Male GPs more likely to experience burnout than female colleagues

Male GPs working in group practices are most likely to experience burnout, a survey has found.

More than 500 GPs across Essex were assessed for burnout by measuring their levels of emotional exhaustion, depersonalisation - expressed as negativity and cynicism, and a reduced sense of personal accomplishment.

Almost half of the respondents (46%) fitted the criteria for emotional exhaustion; while more than four out of 10 (42%) were depersonalised. One in three (34%) felt they were not achieving a great deal.

The report by Dr Peter Orton, of private medical clinic Aviation Medica, said the figures imply that a significant group of doctors are ‘in trouble’.

‘Burnout must... always be considered as a health and safety issue and from the patients’ perspective. Feeling callous towards patients may be associated with reduced care and compassion provided by depersonalised doctors,’ the report said.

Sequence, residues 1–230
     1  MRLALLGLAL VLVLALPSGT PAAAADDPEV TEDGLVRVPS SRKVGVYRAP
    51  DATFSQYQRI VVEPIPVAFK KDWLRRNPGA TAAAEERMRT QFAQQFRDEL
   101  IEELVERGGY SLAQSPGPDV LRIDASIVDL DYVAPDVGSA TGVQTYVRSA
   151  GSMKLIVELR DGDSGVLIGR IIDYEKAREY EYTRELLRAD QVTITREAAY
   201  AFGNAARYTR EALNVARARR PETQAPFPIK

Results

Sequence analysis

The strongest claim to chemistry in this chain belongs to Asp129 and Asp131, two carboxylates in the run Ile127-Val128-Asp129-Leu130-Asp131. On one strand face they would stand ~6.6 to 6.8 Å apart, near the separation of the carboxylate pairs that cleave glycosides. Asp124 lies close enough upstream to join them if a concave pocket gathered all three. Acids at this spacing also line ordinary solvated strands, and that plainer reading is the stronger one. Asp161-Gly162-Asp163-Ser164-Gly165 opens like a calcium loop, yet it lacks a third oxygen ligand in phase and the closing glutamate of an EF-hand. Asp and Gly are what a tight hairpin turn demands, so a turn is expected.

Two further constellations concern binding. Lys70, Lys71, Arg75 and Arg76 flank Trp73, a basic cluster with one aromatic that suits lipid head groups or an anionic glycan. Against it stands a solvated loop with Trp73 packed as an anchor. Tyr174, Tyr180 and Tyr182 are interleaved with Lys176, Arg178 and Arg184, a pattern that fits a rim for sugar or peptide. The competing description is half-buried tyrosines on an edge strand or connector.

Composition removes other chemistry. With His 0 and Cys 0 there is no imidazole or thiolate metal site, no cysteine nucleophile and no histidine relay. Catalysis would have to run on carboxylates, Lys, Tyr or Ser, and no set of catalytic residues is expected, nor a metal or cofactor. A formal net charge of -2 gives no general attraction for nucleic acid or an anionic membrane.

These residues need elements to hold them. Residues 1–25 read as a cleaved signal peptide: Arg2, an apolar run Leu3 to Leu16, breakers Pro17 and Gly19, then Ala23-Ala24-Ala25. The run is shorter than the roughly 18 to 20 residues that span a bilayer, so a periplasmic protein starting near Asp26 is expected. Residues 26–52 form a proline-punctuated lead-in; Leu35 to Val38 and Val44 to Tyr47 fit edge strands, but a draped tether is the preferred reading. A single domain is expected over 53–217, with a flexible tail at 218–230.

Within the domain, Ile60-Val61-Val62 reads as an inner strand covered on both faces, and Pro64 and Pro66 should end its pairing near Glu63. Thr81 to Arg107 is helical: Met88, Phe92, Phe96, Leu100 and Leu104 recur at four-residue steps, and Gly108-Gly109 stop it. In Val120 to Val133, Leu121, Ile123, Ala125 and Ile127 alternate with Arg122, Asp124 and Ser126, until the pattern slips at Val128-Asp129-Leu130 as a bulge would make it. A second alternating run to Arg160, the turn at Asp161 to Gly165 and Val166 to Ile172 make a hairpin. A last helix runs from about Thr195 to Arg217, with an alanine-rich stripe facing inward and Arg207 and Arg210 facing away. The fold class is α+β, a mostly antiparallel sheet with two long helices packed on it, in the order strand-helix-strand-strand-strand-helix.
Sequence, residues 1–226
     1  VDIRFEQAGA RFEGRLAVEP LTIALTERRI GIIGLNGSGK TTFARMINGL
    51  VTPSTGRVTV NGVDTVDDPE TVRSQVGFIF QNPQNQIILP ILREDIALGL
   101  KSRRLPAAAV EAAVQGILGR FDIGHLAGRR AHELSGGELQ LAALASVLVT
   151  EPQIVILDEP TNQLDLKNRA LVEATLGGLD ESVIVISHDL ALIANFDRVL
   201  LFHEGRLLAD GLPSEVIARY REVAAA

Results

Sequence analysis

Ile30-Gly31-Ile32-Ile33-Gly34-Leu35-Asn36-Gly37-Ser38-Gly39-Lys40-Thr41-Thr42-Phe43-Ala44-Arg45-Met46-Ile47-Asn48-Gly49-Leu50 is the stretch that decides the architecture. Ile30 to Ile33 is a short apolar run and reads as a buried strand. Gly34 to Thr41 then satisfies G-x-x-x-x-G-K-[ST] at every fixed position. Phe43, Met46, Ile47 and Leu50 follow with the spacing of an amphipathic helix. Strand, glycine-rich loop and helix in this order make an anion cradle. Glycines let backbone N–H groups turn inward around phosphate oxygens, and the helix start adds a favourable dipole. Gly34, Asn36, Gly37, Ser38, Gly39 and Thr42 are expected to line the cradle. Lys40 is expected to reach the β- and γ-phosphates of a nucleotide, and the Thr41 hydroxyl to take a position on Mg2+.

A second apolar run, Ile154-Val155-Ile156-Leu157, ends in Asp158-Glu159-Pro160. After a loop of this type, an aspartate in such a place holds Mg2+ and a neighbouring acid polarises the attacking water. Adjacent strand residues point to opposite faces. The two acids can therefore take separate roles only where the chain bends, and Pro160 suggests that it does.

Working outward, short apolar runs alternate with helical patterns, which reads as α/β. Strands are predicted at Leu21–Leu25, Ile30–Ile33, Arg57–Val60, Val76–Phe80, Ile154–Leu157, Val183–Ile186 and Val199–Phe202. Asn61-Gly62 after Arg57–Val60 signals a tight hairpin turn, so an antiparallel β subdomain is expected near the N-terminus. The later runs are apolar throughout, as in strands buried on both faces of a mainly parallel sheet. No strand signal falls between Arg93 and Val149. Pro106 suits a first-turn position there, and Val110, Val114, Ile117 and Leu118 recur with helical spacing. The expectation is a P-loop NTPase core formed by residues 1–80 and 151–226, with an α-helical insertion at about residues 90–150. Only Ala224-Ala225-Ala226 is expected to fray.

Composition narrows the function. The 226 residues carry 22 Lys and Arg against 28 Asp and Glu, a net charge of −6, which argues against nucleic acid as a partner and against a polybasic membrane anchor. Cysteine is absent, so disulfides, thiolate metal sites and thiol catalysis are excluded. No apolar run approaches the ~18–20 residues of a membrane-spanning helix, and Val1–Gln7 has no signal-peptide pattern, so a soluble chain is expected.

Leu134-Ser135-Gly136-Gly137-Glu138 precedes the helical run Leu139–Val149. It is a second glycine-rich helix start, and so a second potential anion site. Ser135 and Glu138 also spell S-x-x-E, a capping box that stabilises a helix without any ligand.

According to the findings, GPs who work in group practices reported significantly higher burnout scores than those working in singlehanded practices.

The report's authors described the results as ‘disappointing’ as group practices were expected to provide more support to GPs.

‘The finding could be the result of group practice creating extra demands on practitioners, while raising the possibility of interpersonal tensions and conflicts. Regardless of cause, these findings are worrying as group practices are increasing in number and in size,’ the report said.

The results also found that male doctors were significantly more likely to be depersonalised than women doctors.

The report said: ‘The relative resistance of female doctors to burnout is important. It may occur because women GPs tend to consult more slowly and more often work part time.’

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